In Orlando you can go on rides that simulate earthquakes, faulty elevators and runaway trains. Public appetite for safe, controlled near-death experiences seems to be limitless. It was only a matter of time before the Titanic joined the "you are there" ranks of disaster-related fun.
Titanic: Ship of Dreams at the Mercado doesn't have a ride; you don't get seat-belted into a dining-room chair and find yourself hurtling thousands of feet under the pretend North Atlantic. In fact, the most attractive part of the attraction are the 200 pieces of actual Titanic artifacts. It's unsettling in a different way to face the personal effects of the dead, things buried under miles of water for 80 years that outlived their owners, telling about the last elegant days before their one night of hell.
There's a ticket from the Turkish bath. A deck chair. Tile from the smoking-room floor. A life jacket. A log book dated Nov. 20, 1911, through April 15, 1912, kept by Edward Brown, a salon steward who couldn't swim but survived the disaster. A message in a bottle stating that the writer didn't think they would survive.
It's awesome to hear the stories these objects tell, in the same way you realize a star you're seeing now actually burned a million years ago. More bizarre is realizing that something as meager as a Turkish bath ticket survived when so many people didn't.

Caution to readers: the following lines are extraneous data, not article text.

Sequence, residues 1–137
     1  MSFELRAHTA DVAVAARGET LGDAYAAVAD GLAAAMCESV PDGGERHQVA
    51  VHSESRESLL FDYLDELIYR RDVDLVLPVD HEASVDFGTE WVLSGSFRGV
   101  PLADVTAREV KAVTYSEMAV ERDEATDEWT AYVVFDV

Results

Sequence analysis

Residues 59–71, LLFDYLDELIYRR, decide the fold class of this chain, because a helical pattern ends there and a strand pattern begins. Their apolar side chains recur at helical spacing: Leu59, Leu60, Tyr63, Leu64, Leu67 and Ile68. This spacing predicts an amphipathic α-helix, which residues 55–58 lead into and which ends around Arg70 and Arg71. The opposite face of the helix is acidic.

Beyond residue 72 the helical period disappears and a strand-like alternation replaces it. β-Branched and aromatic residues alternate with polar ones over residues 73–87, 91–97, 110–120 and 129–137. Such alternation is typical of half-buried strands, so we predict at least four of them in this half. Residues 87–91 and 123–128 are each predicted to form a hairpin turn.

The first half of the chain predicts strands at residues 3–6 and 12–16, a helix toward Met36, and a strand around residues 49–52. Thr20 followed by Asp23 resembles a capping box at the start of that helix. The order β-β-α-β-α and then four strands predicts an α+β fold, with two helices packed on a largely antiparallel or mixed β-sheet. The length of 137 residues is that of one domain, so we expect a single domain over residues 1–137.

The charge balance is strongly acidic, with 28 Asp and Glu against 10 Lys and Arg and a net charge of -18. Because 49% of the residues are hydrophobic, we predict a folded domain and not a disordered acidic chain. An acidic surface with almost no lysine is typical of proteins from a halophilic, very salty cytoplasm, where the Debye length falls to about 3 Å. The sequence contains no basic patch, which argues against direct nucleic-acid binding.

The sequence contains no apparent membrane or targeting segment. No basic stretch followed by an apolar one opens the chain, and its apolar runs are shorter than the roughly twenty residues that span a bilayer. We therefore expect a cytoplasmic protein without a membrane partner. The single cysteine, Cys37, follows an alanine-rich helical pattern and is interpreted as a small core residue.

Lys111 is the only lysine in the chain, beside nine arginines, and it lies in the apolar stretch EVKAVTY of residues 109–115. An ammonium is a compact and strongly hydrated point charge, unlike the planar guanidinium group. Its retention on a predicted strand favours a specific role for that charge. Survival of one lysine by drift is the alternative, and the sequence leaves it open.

What Titanic: Ship of Dreams does to give you that "you are there" feeling (not that you really want to be on the Titanic) is use actors in period costume, and offer walk-through small-scale re-creations of parts of the ship, including the Verandah dining room and the grand staircase. The re- creations are very much like those used at the Florida International Museum in St. Petersburg, where some Titanic memorabilia was displayed last year.
But additionally, Ship of Dreams has actors who interact with the crowd to tell the story. You begin to get the idea here when someone in period dress asks you, "Are you one of the investors, then?" or something like that. Some people get into this whole make-believe thing right away. Others -- and I'm afraid I fall into this category -- cannot stand to be acted at. There is a certain feeling of being cornered when you find yourself suddenly cast in a play when you didn't even audition, and one feels that if one is expected to be part of the show, one should be drawing a salary.
Further on there is a gallery devoted to movies, songs and art work inspired by the tragedy, including the costume worn by Leonardo DiCaprio, and records like "Be British," a tribute to English courage underwater.
Finally there's that greatest of all Florida institutions, the gift shop. At this one you can purchase a version of the legendary jeweled heart ($200), a book called "Last Dinner on the Titanic" ($24.95), including recipes and advice for appropriate clothing and atmosphere for the different passenger classes, or a bottle of Titanic: The Fragrance ($24.95). It does not smell like mortal fear. It smells pretty good.
Titanic: Ship of Dreams brings home the stories of the people who didn't make it into the movie. The I-Drive traffic you have to face to get here is the only real disaster.
In the Mercado, 8445 International Drive; 248-1166.
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